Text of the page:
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Sculpting with Hard and Soft Light

Lesson 3 of 6

Creating Depth Through Direction

Erik Valind

Sculpting with Hard and Soft Light

Erik Valind

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Lesson Info

3. Creating Depth Through Direction

Lesson Info

Creating Depth Through Direction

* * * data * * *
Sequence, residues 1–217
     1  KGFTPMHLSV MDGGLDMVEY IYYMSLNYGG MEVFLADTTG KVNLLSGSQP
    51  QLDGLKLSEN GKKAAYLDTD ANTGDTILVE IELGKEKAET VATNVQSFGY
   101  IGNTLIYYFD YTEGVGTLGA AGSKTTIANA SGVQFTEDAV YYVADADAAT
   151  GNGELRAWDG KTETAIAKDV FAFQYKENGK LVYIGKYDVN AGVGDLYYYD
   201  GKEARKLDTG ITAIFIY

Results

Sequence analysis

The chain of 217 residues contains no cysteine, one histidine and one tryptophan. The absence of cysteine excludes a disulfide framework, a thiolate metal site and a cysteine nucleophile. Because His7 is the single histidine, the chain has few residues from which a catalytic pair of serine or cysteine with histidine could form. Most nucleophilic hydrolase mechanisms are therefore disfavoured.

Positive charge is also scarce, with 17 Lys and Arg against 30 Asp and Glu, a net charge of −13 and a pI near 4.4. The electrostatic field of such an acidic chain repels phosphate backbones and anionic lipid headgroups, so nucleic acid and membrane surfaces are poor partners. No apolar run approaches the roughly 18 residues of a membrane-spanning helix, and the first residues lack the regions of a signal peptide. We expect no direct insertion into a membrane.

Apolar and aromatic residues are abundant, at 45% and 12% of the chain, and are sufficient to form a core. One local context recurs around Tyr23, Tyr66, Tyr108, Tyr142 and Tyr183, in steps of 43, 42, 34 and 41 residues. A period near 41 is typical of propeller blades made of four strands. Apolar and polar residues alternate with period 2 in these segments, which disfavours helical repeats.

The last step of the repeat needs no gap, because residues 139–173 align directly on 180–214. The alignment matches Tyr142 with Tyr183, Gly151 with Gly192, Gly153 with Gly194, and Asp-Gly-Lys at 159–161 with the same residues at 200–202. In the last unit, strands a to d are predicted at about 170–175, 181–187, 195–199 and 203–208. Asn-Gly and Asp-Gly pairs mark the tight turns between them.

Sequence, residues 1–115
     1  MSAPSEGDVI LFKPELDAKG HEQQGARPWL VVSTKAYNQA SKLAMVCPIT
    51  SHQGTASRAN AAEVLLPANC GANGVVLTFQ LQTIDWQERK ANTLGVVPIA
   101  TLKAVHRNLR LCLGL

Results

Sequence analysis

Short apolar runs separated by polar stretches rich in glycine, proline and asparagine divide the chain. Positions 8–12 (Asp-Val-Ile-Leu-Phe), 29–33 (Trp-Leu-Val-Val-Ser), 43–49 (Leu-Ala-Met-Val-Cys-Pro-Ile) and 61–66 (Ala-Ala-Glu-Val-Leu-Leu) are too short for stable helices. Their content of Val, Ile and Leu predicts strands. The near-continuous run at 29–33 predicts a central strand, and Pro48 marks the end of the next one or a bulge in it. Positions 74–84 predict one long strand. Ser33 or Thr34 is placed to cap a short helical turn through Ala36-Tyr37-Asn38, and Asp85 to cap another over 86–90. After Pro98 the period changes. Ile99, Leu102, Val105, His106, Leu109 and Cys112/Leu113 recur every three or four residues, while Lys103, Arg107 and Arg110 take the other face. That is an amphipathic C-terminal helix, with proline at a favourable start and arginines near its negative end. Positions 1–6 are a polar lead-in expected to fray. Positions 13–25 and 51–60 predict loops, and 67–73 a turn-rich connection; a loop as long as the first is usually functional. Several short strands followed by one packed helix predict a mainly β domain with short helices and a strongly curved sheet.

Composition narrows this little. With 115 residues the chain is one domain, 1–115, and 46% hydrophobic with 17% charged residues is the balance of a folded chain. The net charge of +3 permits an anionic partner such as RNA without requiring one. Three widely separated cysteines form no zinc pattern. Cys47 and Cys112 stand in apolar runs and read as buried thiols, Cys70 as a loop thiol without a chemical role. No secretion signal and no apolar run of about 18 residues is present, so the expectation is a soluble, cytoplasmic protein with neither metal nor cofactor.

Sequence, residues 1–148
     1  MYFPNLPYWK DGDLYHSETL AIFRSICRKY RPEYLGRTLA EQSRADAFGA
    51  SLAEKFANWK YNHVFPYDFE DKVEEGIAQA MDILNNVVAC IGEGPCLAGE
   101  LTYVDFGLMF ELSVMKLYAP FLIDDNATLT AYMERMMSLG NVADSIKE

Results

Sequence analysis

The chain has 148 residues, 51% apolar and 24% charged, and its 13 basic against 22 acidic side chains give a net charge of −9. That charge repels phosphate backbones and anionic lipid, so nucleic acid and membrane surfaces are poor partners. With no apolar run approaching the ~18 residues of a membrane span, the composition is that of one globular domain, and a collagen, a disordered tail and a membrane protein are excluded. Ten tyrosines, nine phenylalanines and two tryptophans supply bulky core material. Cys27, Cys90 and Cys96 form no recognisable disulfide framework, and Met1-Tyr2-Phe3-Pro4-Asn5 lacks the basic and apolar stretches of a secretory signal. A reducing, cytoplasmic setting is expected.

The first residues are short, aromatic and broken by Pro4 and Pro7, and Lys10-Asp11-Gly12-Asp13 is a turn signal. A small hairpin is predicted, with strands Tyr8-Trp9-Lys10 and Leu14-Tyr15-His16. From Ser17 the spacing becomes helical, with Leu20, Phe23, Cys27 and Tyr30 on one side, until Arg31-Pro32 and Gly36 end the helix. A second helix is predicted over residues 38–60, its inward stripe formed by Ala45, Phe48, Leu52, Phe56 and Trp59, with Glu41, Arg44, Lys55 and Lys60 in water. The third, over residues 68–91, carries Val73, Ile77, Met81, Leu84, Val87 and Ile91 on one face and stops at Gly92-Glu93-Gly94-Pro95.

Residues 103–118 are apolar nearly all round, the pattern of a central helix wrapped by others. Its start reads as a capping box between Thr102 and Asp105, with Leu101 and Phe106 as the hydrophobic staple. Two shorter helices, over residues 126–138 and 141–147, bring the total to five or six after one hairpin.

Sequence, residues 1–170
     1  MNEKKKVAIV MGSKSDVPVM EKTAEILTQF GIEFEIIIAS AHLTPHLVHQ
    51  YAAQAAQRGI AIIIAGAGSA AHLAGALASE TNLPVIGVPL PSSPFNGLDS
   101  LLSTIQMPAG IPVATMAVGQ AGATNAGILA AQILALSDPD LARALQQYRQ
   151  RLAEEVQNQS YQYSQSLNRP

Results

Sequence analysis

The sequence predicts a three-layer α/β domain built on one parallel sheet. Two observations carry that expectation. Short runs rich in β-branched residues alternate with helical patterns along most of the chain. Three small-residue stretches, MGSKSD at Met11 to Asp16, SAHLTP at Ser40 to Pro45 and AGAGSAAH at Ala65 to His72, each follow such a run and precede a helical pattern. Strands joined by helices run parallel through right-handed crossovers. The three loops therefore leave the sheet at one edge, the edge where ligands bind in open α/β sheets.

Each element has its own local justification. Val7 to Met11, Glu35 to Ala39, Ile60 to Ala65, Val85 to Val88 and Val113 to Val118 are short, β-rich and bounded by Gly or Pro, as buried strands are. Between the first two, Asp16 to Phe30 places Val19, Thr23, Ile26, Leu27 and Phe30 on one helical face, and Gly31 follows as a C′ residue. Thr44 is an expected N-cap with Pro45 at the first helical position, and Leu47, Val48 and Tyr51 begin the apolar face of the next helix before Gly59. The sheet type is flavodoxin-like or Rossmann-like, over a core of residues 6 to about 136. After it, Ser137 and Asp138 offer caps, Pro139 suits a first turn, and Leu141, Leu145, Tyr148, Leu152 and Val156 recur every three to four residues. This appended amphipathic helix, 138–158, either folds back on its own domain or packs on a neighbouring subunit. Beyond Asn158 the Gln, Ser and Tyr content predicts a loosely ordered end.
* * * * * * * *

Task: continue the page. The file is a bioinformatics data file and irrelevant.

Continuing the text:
So, frontal lighting is flat lighting. It's good for fill, but it doesn't do any favors to sculpt people out, and we're very familiar with flat lighting, I'll show you what that looks like now. It looks like a snapshot. All right, this isn't the best photo I've ever taken, this is with a flash, on camera, completely lighting the model from the front. And you can see here that there's almost no shadow detail. Front lighting is great because it illuminates everything. It's like if we wanna go ahead and photograph product photography, or flat lays, we wanna illuminate everything so we see the texture and we see the product. It's a good way to light the face so we see the face, but that's a way to approach a product, not a person. With a person we wanna sculpt them and make them look 3D. So we're not gonna do much flat lighting, but we will use flat frontal lighting as a fill. Say that like five times fast. All right, this direction of light now, the farther we move off-camera axis, the mo...